The Morrison Government recently announced it would not support three quarters of the recommendations put forward Black Summer bushfires recommendations.
Seven months after interim report recommendations from the Senate Inquiry into the Black Summer bushfires were handed down, the Government last week announced it would not support most of the recommendations put forward.
These recommendations include, among others, all recommendations in support of the insurance industry.
Member for Eden-Monaro Kristy McBain has called on the Government to do better, stating “Insurance issues should be front and centre in our bushfire recovery”.
“Every day I speak with community members and local businesses who have been unable to obtain affordable insurance, with many unable to re-insure altogether.”
The Morrison Government is once again shirking responsibility in supporting our regional communities, going so far as to say that “state and territory governments have responsibility for the protection of life, property and the environment within their jurisdiction.”
We cannot afford to see more delays to mitigation and resilience projects, with the Morrison Government repeatedly failing to deliver any actual commitments that will protect the Eden-Monaro region from future disaster seasons.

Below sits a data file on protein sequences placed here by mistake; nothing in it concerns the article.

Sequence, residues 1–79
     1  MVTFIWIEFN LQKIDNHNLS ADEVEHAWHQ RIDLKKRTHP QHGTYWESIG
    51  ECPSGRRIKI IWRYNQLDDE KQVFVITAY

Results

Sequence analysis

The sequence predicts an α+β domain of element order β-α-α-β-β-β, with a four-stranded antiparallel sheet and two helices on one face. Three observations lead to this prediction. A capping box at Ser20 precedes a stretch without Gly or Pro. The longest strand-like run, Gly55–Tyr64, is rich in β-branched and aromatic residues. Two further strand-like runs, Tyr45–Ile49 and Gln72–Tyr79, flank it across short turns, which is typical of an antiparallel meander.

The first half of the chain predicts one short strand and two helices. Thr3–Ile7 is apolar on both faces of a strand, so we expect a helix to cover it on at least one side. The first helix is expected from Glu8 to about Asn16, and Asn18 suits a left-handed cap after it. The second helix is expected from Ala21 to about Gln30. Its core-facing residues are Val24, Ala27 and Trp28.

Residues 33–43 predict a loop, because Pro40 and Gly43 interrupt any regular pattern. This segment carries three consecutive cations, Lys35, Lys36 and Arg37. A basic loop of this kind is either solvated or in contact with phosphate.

“People are still waiting to see a cent from the $4 billion mitigation and recovery fund the Morrison Government announced in its 2019 Budget,” Ms McBain said.
“Not a dollar of that fund has been spent in two years. Why?”
Of the 13 recommendations put forward by the inquiry the Government has refused to support nine, including:
Implementing monthly reporting requirements for state and local governments and non-government organisations that have received funding from the Morrison Government’s National Bushfire Recovery Agency to ensure that recovery funding is actually getting into communities;
Developing a business case to establish a sovereign aerial firefighting fleet;
Reviewing, with the view to increase, the Disaster Recovery Payment and Disaster Recovery Allowance;
Recommencing work on the climate change-related prudential practice and governance guide as it relates to the general insurance industry;
Undertaking financial vulnerability stress testing of the insurances sector, including consideration of capital adequacy in anticipation of worst-case scenario severe weather events causing catastrophic insurance losses;
Reversing cuts to the ABC, Australia’s national emergency broadcaster during natural disasters; and
Telehealth initiatives that were announced on a temporary basis to support victims suffering from mental health issues following the bushfires.
All these recommendations were proposed following extensive consultation with Government agencies, not-for-profits working in bushfire communities, the insurance industry, firefighters, emergency service workers and survivors.
Preparing for future natural disasters, including establishing a sovereign aerial firefighting fleet is needed.
“Eden-Monaro communities are tired of being forced to carry the burden of resilience alone.
It’s time for this Government to stop talking about our recovery and to start acting on it,” Ms McBain stated.